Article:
How do you see AV industry perspectives? With the increasing number of threats, Symantec even said 'antivirus is dead' since it is incapable of eliminating all threats, and security-minded users have to install AV, anti-spyware, anti-keyloggers and the list grows daily. How does Bitdefender tackle the new challenges and the increasing demand in a universal product that would perform all functions security-wise?

The antivirus may be dead, but this does not mean anything for the industry as a whole. An antivirus is a simple utility that looks for patterns of known signatures. What we have been building for years is a fully mature antimalware solution. It’s not about pattern matching anymore, but about behavioral inspection, sandboxing, firewall, active process control, event correlation and cloud intelligence united in a single product. It is a state of the art product that can successfully face real life scenarios, and independent reviews (AV-Test or AV-Comparatives) confirm that.

2 medium Interview with Bitdefenders Senior eThreat Analyst Bogdan Botezatu

What personal and private information does your antivirus product collect from regular home users? We understand you need some information to track your product's performance and meet user needs better, but what part of that information is accessible to third parties or governments?

The information we collect via our feedback mechanism is strictly related to threat reporting. For instance, we collect the name and number of blocked threats that are correlated with a geographic location, so we are able to spot malware outbreaks in specific regions. These reports are anonymized (i.e. not correlated with a specific username). The user can opt out of this feedback program anytime by simply unticking a checkbox, either before or after installation.

This data is strictly limited to internal use and is never shared with third parties (governments included). As a European company, we take privacy extremely seriously, as the EU has one of the harshest legislation in the world on personally identifiable data.

In your opinion, how Edward Snowden's revelations affected the AV industry?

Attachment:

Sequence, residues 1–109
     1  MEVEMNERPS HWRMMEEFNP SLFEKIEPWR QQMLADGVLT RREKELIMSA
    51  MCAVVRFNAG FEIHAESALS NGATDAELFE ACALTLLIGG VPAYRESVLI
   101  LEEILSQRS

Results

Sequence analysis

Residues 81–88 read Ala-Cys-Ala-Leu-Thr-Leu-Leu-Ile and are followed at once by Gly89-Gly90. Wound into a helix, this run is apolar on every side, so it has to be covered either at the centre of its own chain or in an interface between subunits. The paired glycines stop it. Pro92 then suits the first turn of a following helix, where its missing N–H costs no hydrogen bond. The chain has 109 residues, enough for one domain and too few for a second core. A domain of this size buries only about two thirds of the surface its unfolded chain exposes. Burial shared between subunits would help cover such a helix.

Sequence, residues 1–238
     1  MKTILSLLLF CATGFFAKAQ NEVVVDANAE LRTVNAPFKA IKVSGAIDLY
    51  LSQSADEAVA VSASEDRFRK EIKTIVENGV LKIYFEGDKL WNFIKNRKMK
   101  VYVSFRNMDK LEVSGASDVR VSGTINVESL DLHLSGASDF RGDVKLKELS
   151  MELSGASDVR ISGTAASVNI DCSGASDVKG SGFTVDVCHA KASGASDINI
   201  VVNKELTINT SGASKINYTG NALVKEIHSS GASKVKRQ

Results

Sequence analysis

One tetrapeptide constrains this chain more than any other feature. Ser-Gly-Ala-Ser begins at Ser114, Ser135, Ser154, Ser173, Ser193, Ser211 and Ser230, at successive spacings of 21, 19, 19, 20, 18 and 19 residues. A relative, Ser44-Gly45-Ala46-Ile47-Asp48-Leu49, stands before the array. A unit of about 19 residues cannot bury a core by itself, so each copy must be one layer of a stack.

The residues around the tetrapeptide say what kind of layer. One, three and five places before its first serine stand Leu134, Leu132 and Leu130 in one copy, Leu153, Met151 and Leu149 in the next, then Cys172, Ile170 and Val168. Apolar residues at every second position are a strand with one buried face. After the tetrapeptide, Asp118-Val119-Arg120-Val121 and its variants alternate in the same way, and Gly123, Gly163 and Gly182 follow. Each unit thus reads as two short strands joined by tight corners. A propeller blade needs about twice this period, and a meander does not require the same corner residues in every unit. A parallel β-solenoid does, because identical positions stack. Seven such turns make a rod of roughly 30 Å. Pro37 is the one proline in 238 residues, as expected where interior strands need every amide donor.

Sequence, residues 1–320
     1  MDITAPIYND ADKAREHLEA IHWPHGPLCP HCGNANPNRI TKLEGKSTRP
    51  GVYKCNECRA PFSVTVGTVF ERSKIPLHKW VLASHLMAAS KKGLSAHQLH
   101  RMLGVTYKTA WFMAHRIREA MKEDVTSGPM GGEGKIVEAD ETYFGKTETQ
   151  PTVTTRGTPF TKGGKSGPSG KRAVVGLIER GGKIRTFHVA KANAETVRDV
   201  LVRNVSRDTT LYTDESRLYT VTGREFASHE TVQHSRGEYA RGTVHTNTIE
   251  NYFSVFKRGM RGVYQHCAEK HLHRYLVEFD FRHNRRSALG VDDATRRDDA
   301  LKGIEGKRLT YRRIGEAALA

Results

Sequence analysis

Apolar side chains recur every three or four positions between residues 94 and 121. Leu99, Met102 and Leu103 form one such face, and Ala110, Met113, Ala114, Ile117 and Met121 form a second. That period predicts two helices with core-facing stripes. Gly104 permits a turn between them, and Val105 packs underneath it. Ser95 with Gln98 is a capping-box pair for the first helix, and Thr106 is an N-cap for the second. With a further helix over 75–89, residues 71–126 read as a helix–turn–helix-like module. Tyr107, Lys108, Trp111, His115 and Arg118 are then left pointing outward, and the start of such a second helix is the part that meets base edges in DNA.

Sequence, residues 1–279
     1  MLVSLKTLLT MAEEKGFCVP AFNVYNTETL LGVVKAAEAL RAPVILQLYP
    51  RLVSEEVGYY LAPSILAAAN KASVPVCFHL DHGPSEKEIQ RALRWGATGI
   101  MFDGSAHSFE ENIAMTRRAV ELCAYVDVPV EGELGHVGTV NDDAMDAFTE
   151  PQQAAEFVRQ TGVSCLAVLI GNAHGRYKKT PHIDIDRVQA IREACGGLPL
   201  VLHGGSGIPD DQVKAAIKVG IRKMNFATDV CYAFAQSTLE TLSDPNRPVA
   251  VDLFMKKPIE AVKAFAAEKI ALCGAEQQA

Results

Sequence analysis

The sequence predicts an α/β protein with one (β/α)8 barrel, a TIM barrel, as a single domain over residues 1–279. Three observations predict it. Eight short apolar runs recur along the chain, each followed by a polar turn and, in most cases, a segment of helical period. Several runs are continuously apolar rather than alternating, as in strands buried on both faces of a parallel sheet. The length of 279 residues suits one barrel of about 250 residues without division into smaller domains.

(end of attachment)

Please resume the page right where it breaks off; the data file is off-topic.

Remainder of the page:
Snowden’s revelations have broken down the world in two sides: on one side, we have users who now fear to use software or services provided by US-based vendors (antivirus solutions included), but on the other side, there are users who have started to understand that they need a state-of-the-art antimalware solution that is able to fend off government-sanctioned malware (such as FinFisher, for instance).

Can antivirus programs help users protect themselves from state surveillance?

Sure, as long as the antimalware solution packs technologies advanced enough to fend off zero-day exploits or extremely carefully-written malware.

Is there a Bitdefender emergency tool you would recommend to non-Bitdefender users as a one-time cleanup, if other tools like MWBites and DrWeb fail?

We constantly provide emergency fixes for computer users who are not using Bitdefender products. These removal tools deal with specific threats, ranging from government-sanctioned malware (yes, we have a removal tool for FinFisher) to generic adware that may be inadvertently installed along with free or trial versions of your favorite software.

Do you plan to implement apps and browsing sandboxing in your home editions? [Is Bitdefender Safepay a sandboxed browser?]

We were one of the pioneers of sandboxing, and we have added this technology since early 2005. I’m talking here about our famous B-HAVE technology. We now offer a sandboxed browser, called Safepay that offers multiple layers of protection against banking malware such as Zeus, Carberp and SpyEye.

Is there a cloud protection solution for non-enterprise users from Bitdefender?